2) Control the heat release into the solar envelope.
    3) Give energy to the solar envelope.
    These are but a few.

    As the sun ages it produces all the elements from H upto Fe and Zn via fusion and heavy elements, that are unstable due to the solar envelope conditions. These eavier elements break down to Fe via fission.

    Over billion of years you end up with a large collection of Fe and varies amounts of elements upto Fe.

    The inner core over this period loses mass and because of this, it loses its abilty to :

    1) Hold the solar envelope together and allows it to expand into a giant.
    2) The lower mass of the inner core loses its abilty to control the heat with in the solar envelope and also the abilty of the rate of heat loss from the inner core.

    High enegy phontons are released into the solar envelope.
    The Fe being heaviest is found near the outer core.
    The Fe is hit by these high energy photons and during an endothermic fission chain reaction the Fe is broken down to He than to H than to Neutrons. These Neutrons find a home within the core and collect at an extremely fast rate.

    At the same time Fusion chain reaction occur within the solar envelope giving it enough energy to trigger the supernova.


    I do not think that Fe is found within the core, because its compaction has a Max orf 10^5 kg/m3. Although this is very dense, it requires a more compact body.

    Possibly a Neutron Composite that allows compaction upto about 10^18 Kg/m3.

    The difference between a proton and a Neutron is one electron. The protons when added with an electron make up a Neutron. Neutrons because of their Neutral charge allows for compaction compared to Protons their Max compaction is only about 10^5 Kg/m3.

    This link is quite intersting


    Ultra-Dense Neutron Star Matter, Strange Quark Stars, and the Nuclear Equation of State
    http://adsabs.harvard.edu/abs/2007IJMPE..16.1165W

    Abstract
    With central densities way above the density of atomic nuclei, neutron stars contain matter in one of the densest forms found in the universe. Depending of the density reached in the cores of neutron stars, they may contain stable phases of exotic matter found nowhere else in space. This article gives a brief overview of the phases of ultra-dense matter predicted to exist deep inside neutron stars and discusses the equation of state (EoS) associated with such matter.
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  7. #6  
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    Good job, Harry! I never gave up hope.

    Here's a link to neutron degeneracy:
    http://www.astro.virginia.edu/~jh8h/...utrondegen.htm

    Once the iron core fuses, the outer layers of the star collapse at nearly one quarter the speed of light, so the neutron star phase happens pretty darn quick.
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    G'day from the land of ozzzzzz


    Arch you said:
    Good job, Harry! I never gave up hope.
    Hope? ,,,,,,,,,smile,,,,,,,,,

    Once the iron core fuses, the outer layers of the star collapse at nearly one quarter the speed of light, so the neutron star phase happens pretty darn quick.
    The Fe does not under go fusion.

    What happens to Fe is:

    Photodisintegration
    http://en.wikipedia.org/wiki/Photodisintegration

    Photodisintegration is a physical process in which extremely high energy gamma rays interact with an atomic nucleus and cause it to enter an excited state, which immediately decays into two or more daughter nuclei. A simple example is when a single proton or neutron is effectively knocked out of the nucleus by the incoming gamma ray, and an extreme example is when the gamma ray induces a spontaneous nuclear fission reaction. This process is essentially the reverse of nuclear fusion, where lighter elements at high temperatures combine together forming heavier elements and releasing energy. Photodisintegration is endothermic (energy absorbing) for atomic nuclei lighter than iron and exothermic (energy releasing) for atomic nuclei heavier than iron. Photodisintegration is responsible for the nucleosynthesis of at least some heavy, proton rich elements via p-process which takes place in supernovae.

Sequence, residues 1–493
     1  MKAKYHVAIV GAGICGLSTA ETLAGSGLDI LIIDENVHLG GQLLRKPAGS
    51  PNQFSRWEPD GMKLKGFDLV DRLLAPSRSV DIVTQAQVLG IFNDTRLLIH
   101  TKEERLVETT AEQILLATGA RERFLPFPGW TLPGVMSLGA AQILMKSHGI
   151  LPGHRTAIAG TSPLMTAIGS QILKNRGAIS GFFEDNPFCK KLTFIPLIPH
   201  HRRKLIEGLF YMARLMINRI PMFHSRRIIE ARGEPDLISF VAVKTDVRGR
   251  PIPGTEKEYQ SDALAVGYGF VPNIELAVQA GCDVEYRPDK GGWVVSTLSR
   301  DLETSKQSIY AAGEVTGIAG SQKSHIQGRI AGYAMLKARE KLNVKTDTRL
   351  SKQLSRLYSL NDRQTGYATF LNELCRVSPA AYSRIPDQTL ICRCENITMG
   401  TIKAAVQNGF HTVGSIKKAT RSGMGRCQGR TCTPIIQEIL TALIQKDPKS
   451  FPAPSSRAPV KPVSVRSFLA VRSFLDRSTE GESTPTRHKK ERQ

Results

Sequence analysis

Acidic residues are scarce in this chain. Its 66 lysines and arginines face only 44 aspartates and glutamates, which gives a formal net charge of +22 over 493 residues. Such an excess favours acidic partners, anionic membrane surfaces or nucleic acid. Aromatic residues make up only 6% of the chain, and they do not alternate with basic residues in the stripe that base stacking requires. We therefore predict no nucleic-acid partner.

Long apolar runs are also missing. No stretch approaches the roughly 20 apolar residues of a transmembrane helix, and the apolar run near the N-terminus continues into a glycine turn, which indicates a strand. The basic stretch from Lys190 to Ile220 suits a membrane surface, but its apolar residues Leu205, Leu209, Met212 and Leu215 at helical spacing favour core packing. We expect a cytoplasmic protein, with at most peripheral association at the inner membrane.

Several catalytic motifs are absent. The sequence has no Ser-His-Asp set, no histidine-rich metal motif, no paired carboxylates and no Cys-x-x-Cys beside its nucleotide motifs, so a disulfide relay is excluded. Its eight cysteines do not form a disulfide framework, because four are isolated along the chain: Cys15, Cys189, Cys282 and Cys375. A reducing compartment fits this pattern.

But! stars are at different phases and supernova and Nova are not controlled by Fe levels.


    http://www.astro.virginia.edu/~jh8h/...utrondegen.htm

    Neutron Degeneracy
    Neutron Degeneracy Pressure: Quantum mechanics restricts the number of neutrons that can have low energy. Each neutron must occupy its own energy state. When neutrons are packed together, as they are in a neutron star, the number of available low energy states is too small and many neutrons are forced into high energy states. These high energy neutrons make up the entire pressure supporting the neutron star. Because the pressure arises from this quantum mechanical effect, it is insensitive to temperature, i.e., the pressure doesn't go down as the star cools. Similar to electron degeneracy pressure but, because the neutron is much more massive than the electron, neutron degeneracy pressure is much larger and can support stars more massive than the Chandrasekhar mass limit.
    This is quite interesting

    http://arxiv.org/abs/nucl-th/0412073

    Nuclear Clustering and Interactions Between Nucleons
    Authors: O. Manuel
    (Submitted on 19 Dec 2004)

    Abstract: Nuclear mass data provide EMPIRICAL evidence of: 1. Clustering of nucleons; 2. Attractive n-p interactions; and 3. Repulsive but symmetric n-n and p-p interactions after correcting for the repulsive Coulomb interactions between positive nuclear charges. These findings suggest a possible source of energy in neutron stars, in stars which formed on them, and demonstrate the need for a Theoretical understanding of 1. Interactions between nucleons; 2. Clustering of nucleons; and 3. Neutron-emission by penetration of the gravitational barrier surrounding a neutron star.

    Experiments with Z-pinch ,R, S and P processes may be a way of investigating.